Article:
Choosing Photo Editing Software
Although we don’t often recognise it, choosing photo editing software for your PC or Mac is a very personal thing. What suits one person won’t suit another, and it’s made even more complicated by the choice of editors now available.
To help you when choosing photo editing software, I have two pieces of advice:
- Start by making a list of all the features or capabilities you would like to see in your ideal photo editor. It may sound like a big job, but it isn’t, and it will save you a lot of time. Once you have your list, rank the features based on their importance to you. You can do this by assigning a rating to each of the features; is it a “Must Have”, “Should Have”, “Could Have” or “Would Like”. Each of these has a different level of importance to you with the “Must Have” features being a deal breaker if they are missing.
- Create a shortlist of possible software to try, based on the features listed on the company websites. Now download the trial versions for each of the packages on your shortlist. Next, pick five photos from your collection and try editing each one using the trial software. This will give you some idea as to how much you like using each of the packages. As you work, you will probably find new features that you want to add to your priority list.
Different Photographers Have Different Needs
It’s obvious when you say it, different photographers have different needs and demands choosing photo editing software. But the features are not the only things you should consider when selecting a photo editor for your Mac or PC. Here are a few other points that you might have forgotten about, but which might be important, or even essential, in your decision-making process.
Cross Platform License
It’s not uncommon for photographers to have both a Windows PC and Mac for their photography. And this can mean that they would like to run their photo editor on both platforms without needing to purchase a version for each. Even if you only use a single platform like a PC, there’s no saying you won’t switch to another in the future, in which case you won’t want to have to purchase another license.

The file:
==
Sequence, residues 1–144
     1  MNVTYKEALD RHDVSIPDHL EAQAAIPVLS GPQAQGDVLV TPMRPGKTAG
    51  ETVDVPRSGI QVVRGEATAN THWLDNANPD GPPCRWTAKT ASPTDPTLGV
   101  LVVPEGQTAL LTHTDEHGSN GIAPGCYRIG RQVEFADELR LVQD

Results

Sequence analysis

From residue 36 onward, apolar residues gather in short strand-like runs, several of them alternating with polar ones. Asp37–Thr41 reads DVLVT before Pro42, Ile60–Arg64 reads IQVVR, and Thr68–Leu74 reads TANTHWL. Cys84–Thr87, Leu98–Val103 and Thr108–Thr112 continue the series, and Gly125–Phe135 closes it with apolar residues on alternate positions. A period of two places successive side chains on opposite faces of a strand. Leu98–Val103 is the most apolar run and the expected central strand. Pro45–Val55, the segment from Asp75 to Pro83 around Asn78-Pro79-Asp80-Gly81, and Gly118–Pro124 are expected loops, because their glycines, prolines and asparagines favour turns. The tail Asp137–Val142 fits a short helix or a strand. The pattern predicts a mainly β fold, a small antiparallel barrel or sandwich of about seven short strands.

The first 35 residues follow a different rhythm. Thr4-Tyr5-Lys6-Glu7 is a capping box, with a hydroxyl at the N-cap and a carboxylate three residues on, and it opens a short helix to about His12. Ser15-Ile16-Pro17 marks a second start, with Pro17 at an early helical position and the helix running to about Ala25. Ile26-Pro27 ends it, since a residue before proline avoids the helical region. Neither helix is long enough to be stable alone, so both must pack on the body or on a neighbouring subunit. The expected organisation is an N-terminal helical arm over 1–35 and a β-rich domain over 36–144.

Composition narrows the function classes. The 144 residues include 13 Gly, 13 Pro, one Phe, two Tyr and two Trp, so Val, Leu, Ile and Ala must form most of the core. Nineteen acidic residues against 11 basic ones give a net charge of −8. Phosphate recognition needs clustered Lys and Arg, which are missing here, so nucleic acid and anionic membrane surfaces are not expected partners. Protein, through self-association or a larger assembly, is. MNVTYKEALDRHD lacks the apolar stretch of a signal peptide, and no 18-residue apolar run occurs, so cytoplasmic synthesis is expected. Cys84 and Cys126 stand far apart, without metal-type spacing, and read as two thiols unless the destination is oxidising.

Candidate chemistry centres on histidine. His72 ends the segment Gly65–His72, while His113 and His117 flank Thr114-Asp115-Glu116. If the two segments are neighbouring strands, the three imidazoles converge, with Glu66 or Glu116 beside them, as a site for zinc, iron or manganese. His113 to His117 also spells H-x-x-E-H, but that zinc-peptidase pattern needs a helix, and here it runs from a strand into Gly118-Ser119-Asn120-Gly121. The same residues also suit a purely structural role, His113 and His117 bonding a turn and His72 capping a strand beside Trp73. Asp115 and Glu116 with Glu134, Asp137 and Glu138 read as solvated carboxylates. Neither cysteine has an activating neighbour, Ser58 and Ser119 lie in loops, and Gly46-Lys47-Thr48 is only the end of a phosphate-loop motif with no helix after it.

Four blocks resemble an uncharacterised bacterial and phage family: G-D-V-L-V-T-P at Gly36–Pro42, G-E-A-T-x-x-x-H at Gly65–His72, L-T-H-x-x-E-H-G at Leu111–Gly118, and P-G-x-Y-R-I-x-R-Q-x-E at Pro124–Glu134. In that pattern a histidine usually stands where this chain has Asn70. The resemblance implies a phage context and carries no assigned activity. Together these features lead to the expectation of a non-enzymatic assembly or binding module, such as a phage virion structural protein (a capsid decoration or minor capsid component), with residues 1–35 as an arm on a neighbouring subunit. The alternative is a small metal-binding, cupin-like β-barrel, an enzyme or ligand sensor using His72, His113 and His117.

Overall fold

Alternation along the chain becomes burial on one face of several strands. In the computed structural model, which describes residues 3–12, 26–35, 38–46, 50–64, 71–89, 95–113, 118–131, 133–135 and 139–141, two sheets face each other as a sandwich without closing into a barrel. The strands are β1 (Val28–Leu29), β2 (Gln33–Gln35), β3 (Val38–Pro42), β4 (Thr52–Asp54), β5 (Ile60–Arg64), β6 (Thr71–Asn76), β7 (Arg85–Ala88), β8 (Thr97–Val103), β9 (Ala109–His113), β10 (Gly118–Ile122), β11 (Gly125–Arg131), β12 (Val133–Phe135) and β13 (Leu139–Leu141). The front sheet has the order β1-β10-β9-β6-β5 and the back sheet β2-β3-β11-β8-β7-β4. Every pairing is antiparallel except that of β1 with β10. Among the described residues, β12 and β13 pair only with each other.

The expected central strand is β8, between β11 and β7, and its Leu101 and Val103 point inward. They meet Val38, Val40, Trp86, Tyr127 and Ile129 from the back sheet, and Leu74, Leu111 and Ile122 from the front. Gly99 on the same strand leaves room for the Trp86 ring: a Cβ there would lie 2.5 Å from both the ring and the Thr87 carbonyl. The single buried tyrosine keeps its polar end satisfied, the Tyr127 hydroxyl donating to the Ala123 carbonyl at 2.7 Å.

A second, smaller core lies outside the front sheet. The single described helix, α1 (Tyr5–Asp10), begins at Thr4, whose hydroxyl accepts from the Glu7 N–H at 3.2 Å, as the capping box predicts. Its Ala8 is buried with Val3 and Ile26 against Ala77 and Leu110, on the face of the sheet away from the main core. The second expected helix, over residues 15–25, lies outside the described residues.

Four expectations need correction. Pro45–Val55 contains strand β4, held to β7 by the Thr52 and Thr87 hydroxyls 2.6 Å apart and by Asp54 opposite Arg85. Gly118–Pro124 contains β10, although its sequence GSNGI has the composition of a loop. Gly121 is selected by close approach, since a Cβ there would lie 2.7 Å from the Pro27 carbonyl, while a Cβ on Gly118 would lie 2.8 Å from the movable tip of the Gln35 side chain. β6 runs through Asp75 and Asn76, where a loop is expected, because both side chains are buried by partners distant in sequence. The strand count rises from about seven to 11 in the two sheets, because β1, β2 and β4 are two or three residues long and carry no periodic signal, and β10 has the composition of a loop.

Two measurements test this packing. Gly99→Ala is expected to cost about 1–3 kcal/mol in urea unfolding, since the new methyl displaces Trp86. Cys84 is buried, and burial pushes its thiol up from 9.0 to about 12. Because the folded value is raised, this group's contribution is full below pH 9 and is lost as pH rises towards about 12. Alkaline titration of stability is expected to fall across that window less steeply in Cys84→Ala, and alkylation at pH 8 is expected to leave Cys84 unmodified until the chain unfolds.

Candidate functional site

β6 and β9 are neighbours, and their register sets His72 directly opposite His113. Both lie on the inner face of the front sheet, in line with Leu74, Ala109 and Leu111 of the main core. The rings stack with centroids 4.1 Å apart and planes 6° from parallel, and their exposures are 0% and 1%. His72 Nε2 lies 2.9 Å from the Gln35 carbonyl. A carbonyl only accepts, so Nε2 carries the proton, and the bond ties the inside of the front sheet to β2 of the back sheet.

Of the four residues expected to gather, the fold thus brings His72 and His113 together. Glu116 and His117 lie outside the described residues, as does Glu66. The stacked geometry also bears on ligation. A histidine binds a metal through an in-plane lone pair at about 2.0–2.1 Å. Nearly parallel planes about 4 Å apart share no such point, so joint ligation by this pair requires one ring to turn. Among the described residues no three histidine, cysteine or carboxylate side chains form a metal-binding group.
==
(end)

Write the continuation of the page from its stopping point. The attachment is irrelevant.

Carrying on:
A similar point to this is the number of computers you might want to use the photo editor on. Some licenses might restrict you to using the photo editor on a single computer, requiring you to purchase additional licenses. Be sure to consider these points as part of your decision making.
Frequency of Software Release
How often does the company release paid for and free updates for the software? This might be important if you encounter a bug, or a security hole that must be fixed.
RAW File Compatibility
It may sound silly, but if you are looking for a photo editor that can convert RAW files, is it compatible with your camera’s RAW files. Even if it is compatible, does it create a good conversion? You could run into problems where the software doesn’t yet support a newly released camera. Equally you might encounter problems with the image quality of the converter with your RAW file. For example, some RAW converters don’t do a very good job of converting the RAW files from my Fuji camera whilst othes are excellent.
This isn’t something you usually consider until you have a problem, but it’s worth checking in advance. Are you able to contact the software company through their website or do they hide behind a user forum where you report all errors? Is there an active user forum where people help each other? Try contacting them with a simple question to see if you get a quick and helpful answer. Search the internet for people’s experience of the company’s support.